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Singapore submits first report to UN on international treaty

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Report explains how racism is fought here

Singapore has submitted its first report to the United Nations on an international treaty that condemns racial discrimination of all stripes, and highlighted various measures which the Republic has been working on to end such discrimination.

This report is a requirement for all states party to the International Convention on the Elimination of All Forms of Racial Discrimination (ICERD), which Singapore signed in October 2015 and ratified in November last year.

In its submission, the Republic highlighted six areas in which it is working to end racial discrimination - and the concrete measures it is taking. These include legislation to safeguard racial and religious harmony, policies to foster social integration and programmes that mobilise community work for the common good.

"Racial harmony in Singapore did not come about by chance. People naturally keep to those who are of the same race as they are," said Culture, Community and Youth Minister Grace Fu in a foreword to the report.

"It (racial harmony) is the result of hard work and conscious effort by our founding fathers, who sought to forge unity among disparate ethnic communities. Generations thereafter have taken over the mantle, putting in place policies that strengthened social cohesion and gradually built trust over time."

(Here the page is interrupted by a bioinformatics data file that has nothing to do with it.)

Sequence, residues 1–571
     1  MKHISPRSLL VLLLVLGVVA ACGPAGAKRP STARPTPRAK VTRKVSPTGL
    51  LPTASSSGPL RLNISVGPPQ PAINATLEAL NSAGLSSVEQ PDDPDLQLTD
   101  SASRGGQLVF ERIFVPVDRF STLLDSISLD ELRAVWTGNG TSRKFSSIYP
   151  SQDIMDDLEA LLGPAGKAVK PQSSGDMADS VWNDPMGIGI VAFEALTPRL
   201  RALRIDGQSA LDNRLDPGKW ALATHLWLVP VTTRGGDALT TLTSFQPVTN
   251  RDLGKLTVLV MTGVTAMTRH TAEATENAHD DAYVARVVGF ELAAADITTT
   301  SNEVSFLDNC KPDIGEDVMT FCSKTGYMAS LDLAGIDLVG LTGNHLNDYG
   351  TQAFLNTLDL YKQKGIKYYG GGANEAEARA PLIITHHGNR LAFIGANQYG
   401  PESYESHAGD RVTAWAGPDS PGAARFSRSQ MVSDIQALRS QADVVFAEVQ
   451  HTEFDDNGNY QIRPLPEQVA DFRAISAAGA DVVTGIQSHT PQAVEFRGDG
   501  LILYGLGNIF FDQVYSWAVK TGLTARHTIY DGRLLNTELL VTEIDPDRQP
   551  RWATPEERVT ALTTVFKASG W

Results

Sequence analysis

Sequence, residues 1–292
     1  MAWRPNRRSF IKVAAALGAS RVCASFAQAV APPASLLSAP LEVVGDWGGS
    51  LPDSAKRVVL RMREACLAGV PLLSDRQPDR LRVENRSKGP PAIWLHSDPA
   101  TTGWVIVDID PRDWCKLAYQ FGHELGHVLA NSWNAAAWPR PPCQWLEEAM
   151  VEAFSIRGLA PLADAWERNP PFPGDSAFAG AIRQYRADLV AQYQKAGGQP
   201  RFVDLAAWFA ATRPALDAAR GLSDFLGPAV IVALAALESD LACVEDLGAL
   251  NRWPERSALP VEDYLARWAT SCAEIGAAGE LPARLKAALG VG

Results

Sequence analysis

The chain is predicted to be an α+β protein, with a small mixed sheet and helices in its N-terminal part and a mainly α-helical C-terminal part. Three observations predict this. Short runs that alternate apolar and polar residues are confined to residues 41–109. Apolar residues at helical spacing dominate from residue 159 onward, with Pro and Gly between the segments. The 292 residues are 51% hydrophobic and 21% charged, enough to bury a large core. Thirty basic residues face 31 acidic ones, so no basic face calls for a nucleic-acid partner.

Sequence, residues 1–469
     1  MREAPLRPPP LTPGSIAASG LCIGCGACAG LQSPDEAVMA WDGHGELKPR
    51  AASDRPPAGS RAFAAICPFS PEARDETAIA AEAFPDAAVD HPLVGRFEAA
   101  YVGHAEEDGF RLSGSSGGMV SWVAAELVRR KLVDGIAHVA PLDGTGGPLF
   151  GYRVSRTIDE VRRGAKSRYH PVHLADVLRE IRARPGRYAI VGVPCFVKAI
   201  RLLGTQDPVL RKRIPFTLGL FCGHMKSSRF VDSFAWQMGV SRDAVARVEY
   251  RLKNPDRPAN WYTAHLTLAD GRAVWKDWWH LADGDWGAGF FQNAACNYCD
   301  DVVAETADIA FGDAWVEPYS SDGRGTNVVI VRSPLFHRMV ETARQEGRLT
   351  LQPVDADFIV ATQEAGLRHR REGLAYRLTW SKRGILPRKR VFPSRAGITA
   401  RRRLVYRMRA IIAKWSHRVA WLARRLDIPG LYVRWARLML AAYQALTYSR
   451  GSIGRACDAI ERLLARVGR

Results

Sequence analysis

She added: "Singaporeans understand that the maintenance of racial harmony is a constant work in progress, which should never be taken for granted."

The Government consulted youth, academics, religious and community leaders, as well as civil society groups in preparing Singapore's ICERD report.

The six key areas highlighted are:

  • Upholding equality and meritocracy
  • Supporting the efforts of each group to uplift their own community while contributing to the common good
  • Implementing policies to facilitate integration and grow the common space
  • Ensuring minority interests are represented and supported
  • Promoting shared norms, mutual respect and support for racial and religious diversity
  • Partnering with the community to enhance racial and religious harmony on the ground.

Concrete measures taken as part of these efforts include ethnic-based self-help groups to provide community support, and the Ethnic Integration Policy in public housing to prevent racial enclaves forming.

In about a year's time, Singapore will also meet the Committee on the Elimination of Racial Discrimination, a global body of independent experts that monitors the implementation of the ICERD, for an oral presentation to discuss the measures in the report.

There are currently 88 countries that have signed the ICERD.

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